Section 11: Tutorials and supervision
11.Tutorials and supervision
Information on what students can expect in terms of academic and personal tutoring (Central and Local.)
Each programme has a tutoring strategy to suit the aims, curriculum and structure of the programme. Typically, the programme will include group tutorials, with students having the option of meeting with a tutor individually as needed. The tutorial arrangements are announced during the programme’s Induction Week.
All Programme Directors and Module Leaders will hold an office hour during term time and over the examination period. Students are welcome to drop in on members of staff during their office hour if there is anything they would like to discuss.
- Office hours for academic staff
UCL is committed to providing all students with the academic guidance and personal support that they need to flourish as members of our active learning and research community. As part of the wider support infrastructure provided by a programme, every undergraduate and taught postgraduate student will be assigned a Personal Tutor – a member of staff who can provide constructive academic and personal development guidance and support.
All students will be allocated to a Personal Tutor within the Department Computer Science by the end of induction week. Each Personal Tutor will contact their tutees to organise their initial meeting, during which arrangements for subsequent meetings will be discussed.
Personal Tutors take an interest in their tutees as individuals and offers guidance on their personal and professional development. If and when needed, a Personal Tutor provides a safety net for the students' physical, mental and emotional welfare; acting as a point of referral to avert crisis. However, the normal tutoring role provides facilitation and guidance on a more everyday basis, so that the student can independently integrate the academic and extracurricular elements of their learning and development.
Students should meet with their Personal Tutor at a minimum once per term. The tutor/ tutee relationship is an important one, and students should actively engage with this. Personal Tutors not only provide pastoral support and advice and guidance on academic issues, but often will act as the students’ academic referee in the future (and including post-graduation.)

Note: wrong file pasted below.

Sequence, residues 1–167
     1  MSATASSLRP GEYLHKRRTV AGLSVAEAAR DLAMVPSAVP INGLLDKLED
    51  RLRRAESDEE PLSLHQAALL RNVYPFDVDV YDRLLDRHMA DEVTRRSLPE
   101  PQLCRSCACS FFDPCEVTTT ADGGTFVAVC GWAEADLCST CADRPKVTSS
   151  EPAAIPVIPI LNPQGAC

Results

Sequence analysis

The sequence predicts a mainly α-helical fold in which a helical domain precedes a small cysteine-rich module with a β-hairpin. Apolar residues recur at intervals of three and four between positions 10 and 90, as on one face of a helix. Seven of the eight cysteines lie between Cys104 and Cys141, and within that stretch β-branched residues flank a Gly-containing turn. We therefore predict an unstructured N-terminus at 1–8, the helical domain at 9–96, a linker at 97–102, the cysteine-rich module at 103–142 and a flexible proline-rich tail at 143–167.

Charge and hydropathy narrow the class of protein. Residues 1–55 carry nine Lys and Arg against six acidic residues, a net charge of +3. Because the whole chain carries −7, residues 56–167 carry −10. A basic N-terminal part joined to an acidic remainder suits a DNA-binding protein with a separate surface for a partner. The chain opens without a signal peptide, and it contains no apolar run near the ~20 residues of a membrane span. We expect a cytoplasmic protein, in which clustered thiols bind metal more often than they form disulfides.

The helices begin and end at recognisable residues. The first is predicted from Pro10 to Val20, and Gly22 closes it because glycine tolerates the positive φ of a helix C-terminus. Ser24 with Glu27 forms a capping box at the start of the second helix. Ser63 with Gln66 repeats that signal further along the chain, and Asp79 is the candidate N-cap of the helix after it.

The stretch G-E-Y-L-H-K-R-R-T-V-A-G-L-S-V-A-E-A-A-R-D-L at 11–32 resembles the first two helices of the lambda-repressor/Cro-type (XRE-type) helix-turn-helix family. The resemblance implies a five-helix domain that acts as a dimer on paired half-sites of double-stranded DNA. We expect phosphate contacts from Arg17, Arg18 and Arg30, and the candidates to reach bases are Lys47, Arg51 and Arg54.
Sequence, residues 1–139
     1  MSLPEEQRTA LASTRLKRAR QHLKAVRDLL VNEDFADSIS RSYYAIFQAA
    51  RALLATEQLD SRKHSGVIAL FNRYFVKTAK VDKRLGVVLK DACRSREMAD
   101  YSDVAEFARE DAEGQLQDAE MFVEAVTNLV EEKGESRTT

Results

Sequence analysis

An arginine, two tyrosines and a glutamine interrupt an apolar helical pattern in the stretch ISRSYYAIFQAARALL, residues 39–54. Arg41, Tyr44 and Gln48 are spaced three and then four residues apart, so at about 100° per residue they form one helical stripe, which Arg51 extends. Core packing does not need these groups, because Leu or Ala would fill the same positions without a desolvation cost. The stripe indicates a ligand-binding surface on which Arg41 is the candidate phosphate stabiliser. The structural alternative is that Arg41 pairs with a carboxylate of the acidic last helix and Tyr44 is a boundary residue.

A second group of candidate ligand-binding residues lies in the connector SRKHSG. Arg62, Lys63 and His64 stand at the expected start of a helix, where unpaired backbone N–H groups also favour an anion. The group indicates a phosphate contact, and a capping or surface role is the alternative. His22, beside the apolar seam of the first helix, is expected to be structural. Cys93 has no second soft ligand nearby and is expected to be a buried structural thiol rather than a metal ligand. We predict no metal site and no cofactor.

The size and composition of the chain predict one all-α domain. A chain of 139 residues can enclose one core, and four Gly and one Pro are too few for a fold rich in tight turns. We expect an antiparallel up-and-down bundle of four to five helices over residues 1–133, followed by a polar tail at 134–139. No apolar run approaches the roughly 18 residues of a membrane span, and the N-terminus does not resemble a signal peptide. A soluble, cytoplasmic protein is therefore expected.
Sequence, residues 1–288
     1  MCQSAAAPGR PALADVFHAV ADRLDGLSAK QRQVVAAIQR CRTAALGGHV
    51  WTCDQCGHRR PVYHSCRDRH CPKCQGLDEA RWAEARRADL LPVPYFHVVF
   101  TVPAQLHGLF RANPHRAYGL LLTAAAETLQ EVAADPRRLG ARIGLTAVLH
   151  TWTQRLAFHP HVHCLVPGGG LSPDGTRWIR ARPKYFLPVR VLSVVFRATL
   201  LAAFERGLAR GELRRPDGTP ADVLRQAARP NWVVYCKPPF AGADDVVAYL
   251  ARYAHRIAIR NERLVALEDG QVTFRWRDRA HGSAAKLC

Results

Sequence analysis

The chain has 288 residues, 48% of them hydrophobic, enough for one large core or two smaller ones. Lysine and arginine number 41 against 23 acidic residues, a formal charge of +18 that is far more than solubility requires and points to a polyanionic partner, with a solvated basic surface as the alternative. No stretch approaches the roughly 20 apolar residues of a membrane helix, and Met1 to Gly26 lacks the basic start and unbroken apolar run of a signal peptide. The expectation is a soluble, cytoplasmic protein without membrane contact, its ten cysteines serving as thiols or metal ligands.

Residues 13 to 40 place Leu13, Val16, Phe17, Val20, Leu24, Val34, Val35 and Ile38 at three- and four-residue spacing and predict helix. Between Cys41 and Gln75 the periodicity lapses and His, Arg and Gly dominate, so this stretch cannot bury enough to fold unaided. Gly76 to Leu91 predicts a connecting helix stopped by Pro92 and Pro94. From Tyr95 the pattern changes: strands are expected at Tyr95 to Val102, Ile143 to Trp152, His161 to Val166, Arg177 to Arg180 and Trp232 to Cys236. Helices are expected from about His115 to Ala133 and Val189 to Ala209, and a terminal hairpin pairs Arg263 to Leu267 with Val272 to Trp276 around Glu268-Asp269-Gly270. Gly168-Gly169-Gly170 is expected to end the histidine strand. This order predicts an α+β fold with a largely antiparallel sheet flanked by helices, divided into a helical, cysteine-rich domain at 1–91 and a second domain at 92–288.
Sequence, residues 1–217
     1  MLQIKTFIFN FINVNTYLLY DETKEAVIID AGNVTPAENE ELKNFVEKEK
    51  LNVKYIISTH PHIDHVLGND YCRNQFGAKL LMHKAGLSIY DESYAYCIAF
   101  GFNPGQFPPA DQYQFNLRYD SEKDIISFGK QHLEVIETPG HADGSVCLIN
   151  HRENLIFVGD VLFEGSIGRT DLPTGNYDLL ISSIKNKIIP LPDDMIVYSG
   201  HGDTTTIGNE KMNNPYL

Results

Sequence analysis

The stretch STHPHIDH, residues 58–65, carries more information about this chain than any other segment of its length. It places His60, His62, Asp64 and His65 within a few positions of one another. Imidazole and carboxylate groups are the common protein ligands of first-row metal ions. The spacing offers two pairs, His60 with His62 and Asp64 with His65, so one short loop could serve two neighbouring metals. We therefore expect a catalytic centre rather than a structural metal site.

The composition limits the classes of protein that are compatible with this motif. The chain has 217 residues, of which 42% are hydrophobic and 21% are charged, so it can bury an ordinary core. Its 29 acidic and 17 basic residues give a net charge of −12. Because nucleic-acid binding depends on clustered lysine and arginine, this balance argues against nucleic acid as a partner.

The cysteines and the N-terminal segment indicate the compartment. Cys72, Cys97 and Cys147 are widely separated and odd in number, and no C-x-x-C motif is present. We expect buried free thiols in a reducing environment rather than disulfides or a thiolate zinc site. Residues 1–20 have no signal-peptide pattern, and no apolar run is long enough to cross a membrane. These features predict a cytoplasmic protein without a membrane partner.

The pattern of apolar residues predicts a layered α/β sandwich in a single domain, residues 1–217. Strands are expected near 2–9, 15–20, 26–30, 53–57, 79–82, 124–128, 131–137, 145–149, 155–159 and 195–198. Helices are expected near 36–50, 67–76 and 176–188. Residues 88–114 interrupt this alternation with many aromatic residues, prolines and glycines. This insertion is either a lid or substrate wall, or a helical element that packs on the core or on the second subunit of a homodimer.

For some programmes, personal tutor meetings take the form of small tutorial groups, where tutees meet with their personal tutor collectively.
- Personal Tutoring at Computer Science
- Personal Tutoring at UCL
- Responsibilities of Personal Tutors
11.3.Departmental pastoral support
Students have access to a wide range of health and counselling services provided by UCL. In addition, the department has an experienced team who provide pastoral support, advice and guidance to students on a range of issues.
The Programme Administrators (based in MPEB 5.22) can help students with many issues relating to their studies, particularly those relating to UCL and departmental processes, including student records, module selection, coursework submission, extenuating circumstances, and complaints. Usually students would speak to the administrator for their programme, but they can seek advice from any member of the team.
Departmental Equal Opportunities Liaison Officers (DEOLOs) can provide students with general information and advice, and specialist advice in relation to equal opportunities matters.
The Departmental Tutor plays a pastoral role for all students and coordinates the work of the Personal Tutors. The Departmental Tutor can be approached for advice on pastoral matters, for example if a Personal Tutor is unavailable. They can advise on academic matters such as module choices, a change of programme, interruption and withdrawal.
The Head of Department and Deputy Heads of Department each hold a regular open hour for students to raise and discuss any issues, concerns or suggestions they may have.
- Teaching and Learning Contacts
- Head of Department Open Hour
- Equality, Diversity, and Inclusion
11.4.Project/ dissertation supervision